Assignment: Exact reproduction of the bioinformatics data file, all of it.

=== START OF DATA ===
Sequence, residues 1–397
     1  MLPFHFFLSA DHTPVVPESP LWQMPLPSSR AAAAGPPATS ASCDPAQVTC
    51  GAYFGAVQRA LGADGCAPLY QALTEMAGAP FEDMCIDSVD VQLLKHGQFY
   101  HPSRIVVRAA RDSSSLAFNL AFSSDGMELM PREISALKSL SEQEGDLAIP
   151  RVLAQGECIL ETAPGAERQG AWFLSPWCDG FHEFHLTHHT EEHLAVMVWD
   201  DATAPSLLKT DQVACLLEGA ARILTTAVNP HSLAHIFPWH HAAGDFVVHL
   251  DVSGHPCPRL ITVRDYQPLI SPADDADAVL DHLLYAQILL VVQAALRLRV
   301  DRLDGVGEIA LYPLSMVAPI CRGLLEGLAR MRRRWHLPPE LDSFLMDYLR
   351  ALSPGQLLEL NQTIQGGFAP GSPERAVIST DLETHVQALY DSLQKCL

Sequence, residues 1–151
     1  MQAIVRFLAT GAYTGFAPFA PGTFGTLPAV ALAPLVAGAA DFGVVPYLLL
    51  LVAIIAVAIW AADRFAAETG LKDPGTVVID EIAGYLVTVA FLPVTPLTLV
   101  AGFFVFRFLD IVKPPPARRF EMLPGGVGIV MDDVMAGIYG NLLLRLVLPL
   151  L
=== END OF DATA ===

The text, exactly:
Sequence, residues 1–397
     1  MLPFHFFLSA DHTPVVPESP LWQMPLPSSR AAAAGPPATS ASCDPAQVTC
    51  GAYFGAVQRA LGADGCAPLY QALTEMAGAP FEDMCIDSVD VQLLKHGQFY
   101  HPSRIVVRAA RDSSSLAFNL AFSSDGMELM PREISALKSL SEQEGDLAIP
   151  RVLAQGECIL ETAPGAERQG AWFLSPWCDG FHEFHLTHHT EEHLAVMVWD
   201  DATAPSLLKT DQVACLLEGA ARILTTAVNP HSLAHIFPWH HAAGDFVVHL
   251  DVSGHPCPRL ITVRDYQPLI SPADDADAVL DHLLYAQILL VVQAALRLRV
   301  DRLDGVGEIA LYPLSMVAPI CRGLLEGLAR MRRRWHLPPE LDSFLMDYLR
   351  ALSPGQLLEL NQTIQGGFAP GSPERAVIST DLETHVQALY DSLQKCL

Sequence, residues 1–151
     1  MQAIVRFLAT GAYTGFAPFA PGTFGTLPAV ALAPLVAGAA DFGVVPYLLL
    51  LVAIIAVAIW AADRFAAETG LKDPGTVVID EIAGYLVTVA FLPVTPLTLV
   101  AGFFVFRFLD IVKPPPARRF EMLPGGVGIV MDDVMAGIYG NLLLRLVLPL
   151  L